It turns out not all loss is so bad.
For example, I promised you months ago that I was going to go on a diet and lose weight. If I'm going to set an example for others with chronic illness, I have to live a healthier lifestyle, and for me, that starts with food -- what I eat and how much. What I can eat is very limited by my Crohn's disease, gastroparesis, and lactose intolerance. I went to a nutritionist recently who told me to eat several small meals per day, and address sugar cravings with unsweetened apple sauce. If I eat all day, I'm in the bathroom all day -- and anybody who's ever had a sugar craving knows that unsweetened apple sauce is no solution! But I've cut way back on the sugar, and I'm trying to add cooked veggies and yogurt (soy) and, yes, apple sauce to my diet. Three pounds so far this week -- and with all the barium I drank yesterday (I had an MR enterography, and anybody who tells you it's just like an MRI is lying!!!), I'm content with that as a start. I know I'm going to make it. When have I not kept a promise to you?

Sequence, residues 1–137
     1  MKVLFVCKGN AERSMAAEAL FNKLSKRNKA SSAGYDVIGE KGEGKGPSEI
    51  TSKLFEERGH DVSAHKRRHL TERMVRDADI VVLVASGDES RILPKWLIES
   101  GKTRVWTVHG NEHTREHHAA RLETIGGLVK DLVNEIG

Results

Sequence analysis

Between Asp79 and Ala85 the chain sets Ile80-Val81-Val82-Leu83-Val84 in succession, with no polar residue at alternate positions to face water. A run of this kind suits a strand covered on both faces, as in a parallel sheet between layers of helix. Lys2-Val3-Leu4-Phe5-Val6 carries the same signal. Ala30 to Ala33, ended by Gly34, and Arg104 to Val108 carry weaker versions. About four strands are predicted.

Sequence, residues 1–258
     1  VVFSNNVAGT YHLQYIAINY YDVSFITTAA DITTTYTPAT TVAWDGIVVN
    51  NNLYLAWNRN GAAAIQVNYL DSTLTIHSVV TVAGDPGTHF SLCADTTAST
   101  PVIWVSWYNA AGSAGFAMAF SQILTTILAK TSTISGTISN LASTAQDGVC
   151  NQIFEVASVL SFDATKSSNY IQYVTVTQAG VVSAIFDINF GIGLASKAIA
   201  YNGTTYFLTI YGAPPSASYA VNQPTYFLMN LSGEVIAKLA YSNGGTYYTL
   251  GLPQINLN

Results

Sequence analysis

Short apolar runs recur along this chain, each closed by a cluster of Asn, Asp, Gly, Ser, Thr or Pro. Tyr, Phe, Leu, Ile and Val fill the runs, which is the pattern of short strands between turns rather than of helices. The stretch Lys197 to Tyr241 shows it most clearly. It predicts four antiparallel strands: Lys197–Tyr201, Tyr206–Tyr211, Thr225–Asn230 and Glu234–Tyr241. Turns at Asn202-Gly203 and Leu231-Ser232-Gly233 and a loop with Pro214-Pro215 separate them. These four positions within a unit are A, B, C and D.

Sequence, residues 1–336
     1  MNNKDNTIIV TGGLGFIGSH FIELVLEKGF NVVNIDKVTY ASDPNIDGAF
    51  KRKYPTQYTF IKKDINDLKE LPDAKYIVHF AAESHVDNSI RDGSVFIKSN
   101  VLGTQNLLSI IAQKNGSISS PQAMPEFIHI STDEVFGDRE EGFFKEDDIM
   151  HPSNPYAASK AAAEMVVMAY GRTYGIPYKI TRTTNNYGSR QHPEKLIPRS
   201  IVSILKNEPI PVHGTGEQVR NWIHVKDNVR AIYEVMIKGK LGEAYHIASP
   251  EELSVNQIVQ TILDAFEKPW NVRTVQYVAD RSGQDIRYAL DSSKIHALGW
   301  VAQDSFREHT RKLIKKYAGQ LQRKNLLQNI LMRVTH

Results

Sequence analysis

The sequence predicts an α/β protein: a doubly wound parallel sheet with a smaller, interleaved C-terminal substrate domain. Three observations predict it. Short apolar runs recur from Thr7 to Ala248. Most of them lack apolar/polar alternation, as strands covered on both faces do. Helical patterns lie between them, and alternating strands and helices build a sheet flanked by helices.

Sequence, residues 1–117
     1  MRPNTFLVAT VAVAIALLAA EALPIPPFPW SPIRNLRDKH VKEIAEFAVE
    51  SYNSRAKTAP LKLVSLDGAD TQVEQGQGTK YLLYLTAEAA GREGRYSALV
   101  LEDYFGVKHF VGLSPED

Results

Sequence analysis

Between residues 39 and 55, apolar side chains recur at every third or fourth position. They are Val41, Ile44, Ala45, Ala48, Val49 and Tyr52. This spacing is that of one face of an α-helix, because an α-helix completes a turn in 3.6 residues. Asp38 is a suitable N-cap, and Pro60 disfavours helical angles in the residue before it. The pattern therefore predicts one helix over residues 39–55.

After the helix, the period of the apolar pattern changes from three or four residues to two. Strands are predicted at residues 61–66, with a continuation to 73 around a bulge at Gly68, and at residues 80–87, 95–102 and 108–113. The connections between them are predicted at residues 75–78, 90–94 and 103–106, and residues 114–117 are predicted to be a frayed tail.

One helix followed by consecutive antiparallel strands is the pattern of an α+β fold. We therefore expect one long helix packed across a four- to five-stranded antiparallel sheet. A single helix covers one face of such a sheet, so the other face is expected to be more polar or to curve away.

But sometimes loss just plain sucks. We've been working since day one with an organization that represents lots of patients with Crohn's disease and ulcerative colitis. It's been a great relationship. For a small monthly fee, not only have we provided services to their members, but we've worked with them on public policy issues, and I've traveled the country speaking to their members. It's never been a whole lot of money, but it's been income we've counted on -- and in this economy, any loss of income is scary -- but it's been a relationship that mattered a lot to us, to me. Apparently, it didn't matter as much to them. They had to make some brutal budget cuts, and we ended up in the cut pile. It makes me very sad. It's an organization of which I've been a member for 35 years, to which my family has given many thousands of dollars, and in which I've invested a lot of energy and heart. Losing that relationship is a mourning process. As an organization, with the help of people like Pearl Jam's Mike McCready and his amazing wife Ashley, as well as a handful of others who have been steadfast supporters of Advocacy for Patients, I suspect we'll survive. But it's terribly sad.
The real risk, though, is that one loss will undermine the other. My first reaction when I'm feeling sad and lost is to eat a bag of jelly beans! And that cannot happen. I'm holding onto the good loss regardless of the bad.
And life goes on, the good with the bad. Jennifer